 Isolated from other free areas
 System determines released memory block status
 Not adjacent to any free blocks of memory
 Between two other busy areas
 System searches table for a null entry
 Occurs when memory block between two other busy memory
blocks is returned to the free list
Understanding Operating Systems,
Sixth Edition
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CASE 3: DEALLOCATING AN ISOLATED
BLOCK (CONT'D.)
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CASE 3: DEALLOCATING AN ISOLATED
BLOCK (CONT'D.)
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CASE 3: DEALLOCATING AN ISOLATED BLOCK
(CONT'D.)
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Sixth Edition
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CASE 3: DEALLOCATING AN ISOLATED
BLOCK (CONT'D.)
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Sixth Edition
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RELOCATABLE DYNAMIC PARTITIONS
 Memory Manager relocates programs
 Gathers together all empty blocks
 Compact the empty blocks
 Make one block of memory large enough to accommodate some or
all of the jobs waiting to get in
Understanding Operating Systems,
Sixth Edition
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RELOCATABLE DYNAMIC PARTITIONS
(CONT'D.)
 Compaction: reclaiming fragmented sections of memory
space
 Every program in memory must be relocated
 Programs become contiguous
 Operating system must distinguish between addresses and data
values
 Every address adjusted to account for the program’s new location in
memory
 Data values left alone
Understanding Operating Systems,
Sixth Edition
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RELOCATABLE DYNAMIC PARTITIONS
(CONT'D.)
Understanding Operating Systems,
Sixth Edition
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RELOCATABLE DYNAMIC PARTITIONS
(CONT'D.)
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Sixth Edition
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RELOCATABLE DYNAMIC PARTITIONS
(CONT'D.)
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Sixth Edition
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RELOCATABLE DYNAMIC PARTITIONS
(CONT'D.)
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Sixth Edition
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RELOCATABLE DYNAMIC PARTITIONS
(CONT'D.)
 Compaction issues:
 What goes on behind the scenes when relocation and compaction
take place?
 What keeps track of how far each job has moved from its original
storage area?
 What lists have to be updated?
Understanding Operating Systems,
Sixth Edition
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RELOCATABLE DYNAMIC PARTITIONS
(CONT'D.)
 What lists have to be updated?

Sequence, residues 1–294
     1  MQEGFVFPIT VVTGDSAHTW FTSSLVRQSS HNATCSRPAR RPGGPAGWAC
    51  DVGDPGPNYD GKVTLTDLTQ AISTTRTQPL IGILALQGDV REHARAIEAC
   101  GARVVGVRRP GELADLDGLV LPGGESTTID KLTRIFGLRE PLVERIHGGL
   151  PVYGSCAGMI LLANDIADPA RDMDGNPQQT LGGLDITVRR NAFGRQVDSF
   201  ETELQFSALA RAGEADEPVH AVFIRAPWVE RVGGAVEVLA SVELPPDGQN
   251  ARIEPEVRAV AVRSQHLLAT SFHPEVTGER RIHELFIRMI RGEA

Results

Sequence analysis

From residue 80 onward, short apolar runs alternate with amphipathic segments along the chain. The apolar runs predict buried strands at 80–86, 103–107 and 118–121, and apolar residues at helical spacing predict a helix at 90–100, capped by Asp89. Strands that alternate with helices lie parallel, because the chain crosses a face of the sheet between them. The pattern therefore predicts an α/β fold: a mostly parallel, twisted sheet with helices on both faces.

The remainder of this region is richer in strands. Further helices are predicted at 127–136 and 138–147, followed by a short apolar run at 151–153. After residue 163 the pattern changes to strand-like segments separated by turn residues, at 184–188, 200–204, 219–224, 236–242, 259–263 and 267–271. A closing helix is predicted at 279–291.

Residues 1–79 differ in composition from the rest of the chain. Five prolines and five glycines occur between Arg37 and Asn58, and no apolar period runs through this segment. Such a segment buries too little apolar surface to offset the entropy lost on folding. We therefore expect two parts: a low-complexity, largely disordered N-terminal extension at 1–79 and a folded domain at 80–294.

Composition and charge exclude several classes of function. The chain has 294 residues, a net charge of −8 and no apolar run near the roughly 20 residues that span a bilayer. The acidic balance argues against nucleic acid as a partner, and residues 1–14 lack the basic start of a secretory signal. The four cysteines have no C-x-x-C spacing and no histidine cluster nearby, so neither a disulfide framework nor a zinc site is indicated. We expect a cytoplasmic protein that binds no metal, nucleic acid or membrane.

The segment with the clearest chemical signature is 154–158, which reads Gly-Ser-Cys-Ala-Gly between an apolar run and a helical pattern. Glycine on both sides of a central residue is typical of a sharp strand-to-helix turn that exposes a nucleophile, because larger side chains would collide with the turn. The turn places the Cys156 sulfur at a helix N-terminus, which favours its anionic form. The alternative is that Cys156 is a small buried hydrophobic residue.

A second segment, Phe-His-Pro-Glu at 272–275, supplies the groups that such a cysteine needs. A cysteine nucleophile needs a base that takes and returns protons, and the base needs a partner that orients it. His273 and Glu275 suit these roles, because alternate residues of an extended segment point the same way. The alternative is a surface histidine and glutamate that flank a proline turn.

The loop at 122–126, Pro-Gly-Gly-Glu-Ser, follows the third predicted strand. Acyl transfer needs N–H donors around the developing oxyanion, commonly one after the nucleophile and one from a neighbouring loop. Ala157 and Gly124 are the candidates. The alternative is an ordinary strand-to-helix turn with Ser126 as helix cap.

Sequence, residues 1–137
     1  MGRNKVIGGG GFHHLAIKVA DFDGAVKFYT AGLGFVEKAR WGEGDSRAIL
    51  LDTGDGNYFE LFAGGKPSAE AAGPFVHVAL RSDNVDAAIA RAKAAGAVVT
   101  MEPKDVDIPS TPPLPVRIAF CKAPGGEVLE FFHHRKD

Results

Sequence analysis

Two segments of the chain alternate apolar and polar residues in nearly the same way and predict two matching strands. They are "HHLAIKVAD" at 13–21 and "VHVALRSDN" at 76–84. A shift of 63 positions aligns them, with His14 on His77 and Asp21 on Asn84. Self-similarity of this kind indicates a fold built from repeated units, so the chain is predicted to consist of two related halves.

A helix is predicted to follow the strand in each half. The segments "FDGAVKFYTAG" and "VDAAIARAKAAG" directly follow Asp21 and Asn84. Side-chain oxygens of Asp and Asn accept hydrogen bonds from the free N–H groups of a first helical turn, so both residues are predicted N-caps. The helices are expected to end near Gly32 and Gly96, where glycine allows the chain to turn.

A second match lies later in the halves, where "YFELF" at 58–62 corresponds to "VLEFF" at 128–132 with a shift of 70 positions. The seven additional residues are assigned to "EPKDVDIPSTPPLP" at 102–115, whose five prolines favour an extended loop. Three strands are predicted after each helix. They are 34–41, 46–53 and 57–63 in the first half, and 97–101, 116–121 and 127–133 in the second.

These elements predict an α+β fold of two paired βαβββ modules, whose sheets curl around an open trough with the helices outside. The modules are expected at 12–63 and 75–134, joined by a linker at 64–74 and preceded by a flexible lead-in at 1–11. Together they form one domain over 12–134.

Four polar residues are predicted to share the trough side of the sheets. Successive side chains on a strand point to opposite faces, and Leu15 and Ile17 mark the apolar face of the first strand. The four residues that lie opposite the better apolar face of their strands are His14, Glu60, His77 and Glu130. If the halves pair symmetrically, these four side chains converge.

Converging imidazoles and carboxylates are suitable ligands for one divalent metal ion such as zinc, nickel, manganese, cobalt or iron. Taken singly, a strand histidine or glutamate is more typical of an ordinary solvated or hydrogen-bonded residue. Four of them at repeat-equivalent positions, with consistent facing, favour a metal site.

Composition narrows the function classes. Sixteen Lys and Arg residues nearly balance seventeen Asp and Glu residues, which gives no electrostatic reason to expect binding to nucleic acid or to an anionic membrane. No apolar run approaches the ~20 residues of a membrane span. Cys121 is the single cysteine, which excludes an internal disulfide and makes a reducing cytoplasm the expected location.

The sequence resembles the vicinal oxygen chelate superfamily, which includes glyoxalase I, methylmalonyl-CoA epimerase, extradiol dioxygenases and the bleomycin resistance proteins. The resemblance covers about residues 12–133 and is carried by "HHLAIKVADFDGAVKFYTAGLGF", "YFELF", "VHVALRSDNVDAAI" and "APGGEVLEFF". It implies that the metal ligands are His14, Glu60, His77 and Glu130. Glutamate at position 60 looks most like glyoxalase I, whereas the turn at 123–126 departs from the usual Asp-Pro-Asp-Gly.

 Free list
 Must show the partition for the new block of free memory
 Busy list
 Must show the new locations for all of the jobs already in process that
were relocated
 Each job will have a new address
 Exception: those already at the lowest memory locations
Understanding Operating Systems,
Sixth Edition
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RELOCATABLE DYNAMIC PARTITIONS
(CONT'D.)
 Special-purpose registers used for relocation:
 Bounds register
 Stores highest location accessible by each program
 Relocation register
 Contains the value that must be added to each address referenced in the
program
 Must be able to access the correct memory addresses after relocation
 If the program is not relocated, “zero” value stored in the program’s
relocation register
Understanding Operating Systems,
Sixth Edition
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RELOCATABLE DYNAMIC PARTITIONS
(CONT'D.)
 Compacting and relocating optimizes use of memory
 Improves throughput
 Options for timing of compaction:
 When a certain percentage of memory is busy
 When there are jobs waiting to get in
 After a prescribed amount of time has elapsed
 Compaction entails more overhead
 Goal: optimize processing time and memory use while
keeping overhead as low as possible
Understanding Operating Systems,
Sixth Edition
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SUMMARY
 Four memory management techniques
 Single-user systems, fixed partitions, dynamic partitions, and
relocatable dynamic partitions
 Common requirements of four memory management
techniques
 Entire program loaded into memory
 Contiguous storage
 Memory residency until job completed
 Each places severe restrictions on job size
 Sufficient for first three generations of computers
Understanding Operating Systems,
Sixth Edition
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SUMMARY (CONT'D.)
 New modern memory management trends in late 1960s and early
1970s
 Discussed in next chapter
 Common characteristics of memory schemes
 Programs are not stored in contiguous memory
 Not all segments reside in memory during job execution
Understanding Operating Systems,
Sixth Edition